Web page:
Vitamin C and vitamin E act synergistically. When UV-activated molecules oxidize cellular components, a chain reaction of lipid peroxidation in membranes rich in polyunsaturated fatty acids is induced. The antioxidant d-α-tocopherol is oxidized to the tocopheroxyl radical in this process and it is regenerated by ascorbic acid to d-α-tocopherol.17,18 Beside ascorbic acid, glutathione and coenzyme Q10 can also recycle tocopherol.
Higher amounts of tocopherol are available in vegetables, vegetable oils like wheat germ oil, sunflower oil, safflower oil and seeds, corn, soy and some sorts of meat. The intake of natural vitamin E products helps against collagen cross linking and lipid peroxidation, which are both linked to aging of the skin.
With the process described above, D-α-tocopherol is involved in stabilizing the cell membrane by inhibiting oxidation of polyunsaturated fatty acids, such as arachidonic acid of membrane phospholipids. Topical applied vitamin E is described to reduce erythema, sunburned cells, chronic UVB-induced skin damage and photocarcinogenesis in the majority of the published studies.13,19 Vitamin E deficiency has been associated with a syndrome of edema with papular erythema or seborrhoiec changes, dryness and depigmentation in premature infants.20
There are many clinical studies, which have tested the effects of tocopherol. The data seem to be controversial, but high doses of oral vitamin E may affect the response to UVB in humans.21 Data of Ekanayake-Mudiyanselage and Thiele suggest that vitamin E levels are dependent on the density of sebaceous glands in the skin. In a 3-week study with daily oral supplementation of moderate doses of α-tocopherol significantly increased vitamin E levels measured in skin sites rich in sebaceous glands, such as the face. This should be considered when designing clinical vitamin E studies.22
Oral combination treatments of vitamins C and E, partly with other photoprotective compounds, did increase the photoprotective effects dramatically compared with monotherapies. Experts recommend that this synergetic interplay of several antioxidants should be taken into consideration in future research on cutaneous photoprotection.23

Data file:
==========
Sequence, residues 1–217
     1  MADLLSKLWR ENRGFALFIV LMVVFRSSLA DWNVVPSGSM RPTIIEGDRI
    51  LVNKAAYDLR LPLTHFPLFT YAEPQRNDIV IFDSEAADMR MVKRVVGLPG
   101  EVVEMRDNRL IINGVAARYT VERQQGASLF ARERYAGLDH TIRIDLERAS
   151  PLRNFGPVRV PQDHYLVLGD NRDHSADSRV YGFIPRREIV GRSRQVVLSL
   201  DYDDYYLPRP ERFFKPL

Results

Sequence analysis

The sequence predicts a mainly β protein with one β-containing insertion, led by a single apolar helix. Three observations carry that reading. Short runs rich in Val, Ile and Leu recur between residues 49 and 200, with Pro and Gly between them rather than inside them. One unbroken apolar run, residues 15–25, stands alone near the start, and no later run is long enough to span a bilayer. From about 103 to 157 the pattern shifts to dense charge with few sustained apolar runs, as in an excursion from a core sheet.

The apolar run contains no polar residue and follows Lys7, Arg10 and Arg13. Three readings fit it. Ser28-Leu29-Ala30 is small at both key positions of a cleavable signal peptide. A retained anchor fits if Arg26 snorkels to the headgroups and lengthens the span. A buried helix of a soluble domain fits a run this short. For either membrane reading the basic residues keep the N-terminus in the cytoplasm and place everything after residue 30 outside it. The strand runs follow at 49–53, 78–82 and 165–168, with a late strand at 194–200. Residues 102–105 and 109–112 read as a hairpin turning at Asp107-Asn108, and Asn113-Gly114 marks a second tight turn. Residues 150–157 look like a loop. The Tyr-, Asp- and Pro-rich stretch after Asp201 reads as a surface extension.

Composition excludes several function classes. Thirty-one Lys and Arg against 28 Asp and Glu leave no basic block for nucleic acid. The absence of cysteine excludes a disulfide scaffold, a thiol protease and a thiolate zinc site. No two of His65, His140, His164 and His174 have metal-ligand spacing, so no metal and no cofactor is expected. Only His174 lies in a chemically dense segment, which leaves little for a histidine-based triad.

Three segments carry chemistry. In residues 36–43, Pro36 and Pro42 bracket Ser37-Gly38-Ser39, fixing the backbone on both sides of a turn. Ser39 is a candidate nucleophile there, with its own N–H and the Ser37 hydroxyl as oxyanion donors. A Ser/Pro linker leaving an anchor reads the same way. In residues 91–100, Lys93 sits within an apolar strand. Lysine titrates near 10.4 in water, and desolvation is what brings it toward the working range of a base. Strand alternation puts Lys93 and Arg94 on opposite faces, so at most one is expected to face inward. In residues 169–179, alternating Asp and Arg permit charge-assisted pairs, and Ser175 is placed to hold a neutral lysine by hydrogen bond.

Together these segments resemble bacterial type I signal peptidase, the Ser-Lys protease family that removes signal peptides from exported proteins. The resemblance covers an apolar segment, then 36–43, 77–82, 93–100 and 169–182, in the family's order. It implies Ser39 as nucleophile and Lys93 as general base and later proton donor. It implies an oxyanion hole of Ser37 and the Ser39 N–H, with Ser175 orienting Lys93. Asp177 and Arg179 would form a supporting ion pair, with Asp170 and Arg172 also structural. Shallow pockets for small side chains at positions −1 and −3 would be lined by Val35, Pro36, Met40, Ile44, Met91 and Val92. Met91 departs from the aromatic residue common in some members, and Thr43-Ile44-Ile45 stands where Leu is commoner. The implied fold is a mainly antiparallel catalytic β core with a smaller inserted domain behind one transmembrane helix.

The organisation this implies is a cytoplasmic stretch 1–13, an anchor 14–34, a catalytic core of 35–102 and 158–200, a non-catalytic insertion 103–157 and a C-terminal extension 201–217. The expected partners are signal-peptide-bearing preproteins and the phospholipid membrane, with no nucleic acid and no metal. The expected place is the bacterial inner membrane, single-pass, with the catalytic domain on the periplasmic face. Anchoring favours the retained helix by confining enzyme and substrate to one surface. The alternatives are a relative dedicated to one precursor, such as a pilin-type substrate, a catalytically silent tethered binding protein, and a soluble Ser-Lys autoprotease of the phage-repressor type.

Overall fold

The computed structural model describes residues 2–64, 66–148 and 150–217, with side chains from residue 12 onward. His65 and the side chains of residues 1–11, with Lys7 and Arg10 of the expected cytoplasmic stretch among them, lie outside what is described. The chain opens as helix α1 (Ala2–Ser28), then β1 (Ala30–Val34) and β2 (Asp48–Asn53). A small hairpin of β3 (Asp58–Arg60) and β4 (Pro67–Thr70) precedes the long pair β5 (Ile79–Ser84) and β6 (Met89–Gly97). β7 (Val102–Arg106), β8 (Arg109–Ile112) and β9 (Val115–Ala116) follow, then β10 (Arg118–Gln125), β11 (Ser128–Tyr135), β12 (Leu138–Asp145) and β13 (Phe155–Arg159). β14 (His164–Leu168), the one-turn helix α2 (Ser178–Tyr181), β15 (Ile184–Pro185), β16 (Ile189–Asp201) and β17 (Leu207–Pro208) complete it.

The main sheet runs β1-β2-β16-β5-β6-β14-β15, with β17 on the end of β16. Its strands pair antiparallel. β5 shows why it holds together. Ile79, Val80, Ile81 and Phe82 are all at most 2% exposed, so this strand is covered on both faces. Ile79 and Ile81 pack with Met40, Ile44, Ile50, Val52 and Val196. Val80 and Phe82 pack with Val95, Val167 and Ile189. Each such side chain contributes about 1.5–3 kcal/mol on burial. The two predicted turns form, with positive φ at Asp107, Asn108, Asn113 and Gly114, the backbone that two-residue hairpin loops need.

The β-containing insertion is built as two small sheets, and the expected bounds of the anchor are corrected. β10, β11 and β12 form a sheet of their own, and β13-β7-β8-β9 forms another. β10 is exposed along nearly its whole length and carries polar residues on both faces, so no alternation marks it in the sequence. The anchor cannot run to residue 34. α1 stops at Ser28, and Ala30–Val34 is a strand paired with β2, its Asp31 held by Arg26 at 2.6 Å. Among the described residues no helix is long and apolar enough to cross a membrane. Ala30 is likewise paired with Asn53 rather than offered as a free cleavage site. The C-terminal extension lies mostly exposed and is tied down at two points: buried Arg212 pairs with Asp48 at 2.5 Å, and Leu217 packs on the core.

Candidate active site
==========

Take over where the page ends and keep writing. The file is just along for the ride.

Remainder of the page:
Carotenoids (vitamin A, β-carotene, astaxanthin, retinol)
Carotenoids are vitamin A derivates like β-carotene, astaxanthin, lycopene and retinol, which are all highly effective antioxidants and have been documented to possess photoprotective properties. Findings of Scarmo et al. suggest that human skin, is relatively enriched in lycopene and β-carotene, compared with lutein and zeaxanthin, possibly reflecting a specific function of hydrocarbon carotenoids in human skin photoprotection.24
β-carotene is the most prominent member of the group of carotenoids, natural colorants that can be found in the human diet.25 Compared with other carotenoids, the primary role of β-carotene is its provitamin-A activity. β-carotene can be cleaved by BCMO1 enzyme into 2 molecules of all-trans-retinal. There is no difference between naturally occurring and chemically synthesized β-carotene. Furthermore, β-carotene can also act as a lipid radical scavenger and as a singlet oxygen quencher, as demonstrated in vitro.26 Based on the distribution of BCMO1 in human tissues it seems that β-carotene metabolism takes place in a wide variety of organs, including the skin.27
Carrots, pumpkin, sweet potatoes, mangos and papaya are some examples of β-carotene containing fruits and vegetables.
Upon dietary supplementation, β-carotene can be further enriched in skin, in which it is already a major carotenoid.28 β-carotene is an endogenous photoprotector, and its efficacy to prevent UV-induced erythema formation has been demonstrated in various studies.29,30 In healthy volunteers, a 12-week oral administration of β-carotene may result in a reduction of UV-induced erythema.31 Similar effects have been described in volunteers receiving a lycopene-rich diet.32